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according action actual admits amount applied authority become believe body called capital capitalist cause character common conclusions consideration considered cost course deal definition demand deny desire determined direct distribution doctrine duty economists effect entirely equal exchange existence fact follow force freedom give given greater ground hand House human idea individual interest justice labour land lead least less liberty live maintain matter means mere merely method Mill morality natural right necessary never object opinion organism particular party person phenomena Political Economy position possess possible practical present principles processes production profit pure question reason reference regard relations rent representative respect result sense social society Spencer theory things tion true wages wealth whole writers
204. lappuse - The value of any commodity, therefore, to the person who possesses it, and who means not to use or consume it himself, but to exchange it for other commodities, is equal to the quantity of labour which it enables him to purchase or command. Labour, therefore, is the real measure of the exchangeable value of all commodities.
179. lappuse - Political economy, considered as a branch of the science of a statesman or legislator, proposes two distinct objects : first, to provide a plentiful revenue or subsistence for the people, or, more properly, to enable them to provide such a revenue or subsistence for themselves ; and secondly, to supply the state or commonwealth with a revenue sufficient for the public services. It proposes to enrich both the people and the sovereign.
44. lappuse - That the only purpose for which power can be rightfully exercised over any member of a civilized community, against his will, is to prevent harm to others.
63. lappuse - A great multitude of people are continually talking of the Law of Nature; and then they go on giving you their sentiments about what is right and what is wrong: and these sentiments, you are to understand, are so many chapters and sections of the Law of Nature.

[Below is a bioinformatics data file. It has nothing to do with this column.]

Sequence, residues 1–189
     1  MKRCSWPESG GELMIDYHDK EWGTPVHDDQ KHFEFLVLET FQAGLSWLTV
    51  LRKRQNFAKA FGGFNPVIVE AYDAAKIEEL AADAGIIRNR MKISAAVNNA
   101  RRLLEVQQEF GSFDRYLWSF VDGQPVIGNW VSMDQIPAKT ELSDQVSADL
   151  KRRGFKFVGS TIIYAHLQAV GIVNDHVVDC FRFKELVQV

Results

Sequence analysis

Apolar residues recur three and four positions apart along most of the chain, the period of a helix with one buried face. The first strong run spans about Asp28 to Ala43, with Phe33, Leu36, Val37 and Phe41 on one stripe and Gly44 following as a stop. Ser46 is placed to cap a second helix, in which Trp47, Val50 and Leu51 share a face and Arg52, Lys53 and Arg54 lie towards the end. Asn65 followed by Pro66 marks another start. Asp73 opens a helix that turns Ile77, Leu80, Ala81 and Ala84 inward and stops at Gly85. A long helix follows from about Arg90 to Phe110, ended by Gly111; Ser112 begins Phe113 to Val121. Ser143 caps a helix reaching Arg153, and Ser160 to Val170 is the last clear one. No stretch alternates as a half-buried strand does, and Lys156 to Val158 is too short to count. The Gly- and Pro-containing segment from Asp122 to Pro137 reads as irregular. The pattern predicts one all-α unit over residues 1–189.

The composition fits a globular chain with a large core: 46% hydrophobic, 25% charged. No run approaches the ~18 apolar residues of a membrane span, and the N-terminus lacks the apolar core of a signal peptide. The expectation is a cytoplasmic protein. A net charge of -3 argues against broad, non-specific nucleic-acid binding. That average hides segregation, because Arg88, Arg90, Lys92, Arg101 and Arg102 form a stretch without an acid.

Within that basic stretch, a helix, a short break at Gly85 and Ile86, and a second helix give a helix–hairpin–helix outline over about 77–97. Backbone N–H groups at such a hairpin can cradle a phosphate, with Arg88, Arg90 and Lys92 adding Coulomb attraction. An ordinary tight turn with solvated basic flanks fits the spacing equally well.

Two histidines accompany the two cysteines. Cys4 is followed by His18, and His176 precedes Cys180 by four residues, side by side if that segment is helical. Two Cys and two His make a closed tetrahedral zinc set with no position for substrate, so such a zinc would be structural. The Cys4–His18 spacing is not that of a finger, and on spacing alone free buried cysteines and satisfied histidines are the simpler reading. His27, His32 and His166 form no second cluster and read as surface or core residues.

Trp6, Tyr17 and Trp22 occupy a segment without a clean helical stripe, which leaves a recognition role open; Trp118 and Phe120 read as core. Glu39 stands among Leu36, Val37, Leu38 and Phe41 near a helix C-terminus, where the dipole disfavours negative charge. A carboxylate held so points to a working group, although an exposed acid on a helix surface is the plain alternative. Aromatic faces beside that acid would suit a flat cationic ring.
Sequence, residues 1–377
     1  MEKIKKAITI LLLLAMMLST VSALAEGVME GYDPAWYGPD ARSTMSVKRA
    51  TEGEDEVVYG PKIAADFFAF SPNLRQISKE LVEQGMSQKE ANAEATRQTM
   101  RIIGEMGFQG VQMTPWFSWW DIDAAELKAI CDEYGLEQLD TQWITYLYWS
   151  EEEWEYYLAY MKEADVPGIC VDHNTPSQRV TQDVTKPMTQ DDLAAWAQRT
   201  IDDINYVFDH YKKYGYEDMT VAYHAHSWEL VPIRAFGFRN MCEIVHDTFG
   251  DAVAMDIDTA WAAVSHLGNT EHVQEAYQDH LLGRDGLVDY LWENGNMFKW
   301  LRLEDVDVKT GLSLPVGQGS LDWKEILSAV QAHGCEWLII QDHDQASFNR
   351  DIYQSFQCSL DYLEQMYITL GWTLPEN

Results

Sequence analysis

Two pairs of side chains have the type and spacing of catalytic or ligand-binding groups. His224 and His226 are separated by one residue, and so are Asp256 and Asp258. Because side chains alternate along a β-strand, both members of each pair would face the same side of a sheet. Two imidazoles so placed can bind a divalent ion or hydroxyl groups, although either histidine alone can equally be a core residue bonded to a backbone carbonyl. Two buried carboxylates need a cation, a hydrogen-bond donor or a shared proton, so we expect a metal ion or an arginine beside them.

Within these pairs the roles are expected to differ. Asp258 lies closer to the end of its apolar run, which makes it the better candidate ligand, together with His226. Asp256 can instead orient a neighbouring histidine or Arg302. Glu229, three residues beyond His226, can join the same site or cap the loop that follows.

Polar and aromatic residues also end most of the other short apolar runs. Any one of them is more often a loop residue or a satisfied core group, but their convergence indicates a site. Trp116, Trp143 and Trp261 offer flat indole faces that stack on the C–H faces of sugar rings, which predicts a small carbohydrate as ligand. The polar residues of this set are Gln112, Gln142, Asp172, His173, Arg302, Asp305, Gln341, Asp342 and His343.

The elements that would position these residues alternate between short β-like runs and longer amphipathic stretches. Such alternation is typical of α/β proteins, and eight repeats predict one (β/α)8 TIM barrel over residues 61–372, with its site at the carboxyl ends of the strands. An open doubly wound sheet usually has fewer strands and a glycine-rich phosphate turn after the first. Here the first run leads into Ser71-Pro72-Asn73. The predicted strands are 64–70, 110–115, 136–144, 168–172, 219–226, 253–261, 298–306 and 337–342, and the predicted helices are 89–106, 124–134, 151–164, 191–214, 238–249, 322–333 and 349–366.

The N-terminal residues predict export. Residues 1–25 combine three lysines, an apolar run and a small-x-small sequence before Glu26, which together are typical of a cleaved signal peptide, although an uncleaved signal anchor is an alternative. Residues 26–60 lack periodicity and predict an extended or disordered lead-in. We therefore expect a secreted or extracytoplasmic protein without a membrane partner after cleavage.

38. lappuse - But with regard to the merely contingent, or, as it may be called, constructive injury which a person causes to society, by conduct which neither violates any specific duty to the public, nor occasions perceptible hurt to any assignable individual except himself...
376. lappuse - All Christians believe that the blessed are the poor and humble, and those who are ill-used by the world ; that it is easier for a camel to pass through the eye of a needle than for a rich man to enter the kingdom of heaven...
144. lappuse - The end of all political associations is the preservation of the natural and imprescriptible rights of man; and these rights are liberty, property, security, and resistance of oppression.
179. lappuse - Writers on Political Economy profess to teach, or to investigate, the nature of Wealth, and the laws of its production and distribution: including, directly or remotely, the operation of all the causes by which the condition of mankind, or of any society of human beings, in respect to this universal object of human desire, is made prosperous or the reverse.
53. lappuse - That thing is called free which exists from the necessity of its own nature alone, and is determined to action by itself alone. That thing, on the other hand, is called necessary, or rather compelled, which by another is determined to existence and action in a fixed and prescribed manner.
50. lappuse - From this last consideration, which is a digression rather than a part of the argument, let us now return and sum up the reasons for regarding a society as an organism. It undergoes continuous growth. As it grows, its parts become unlike: it exhibits increase of structure. The unlike parts simultaneously assume activities of unlike kinds. These activities are not simply different, but their differences are so related as to make one another possible. The reciprocal aid thus given causes mutual dependence...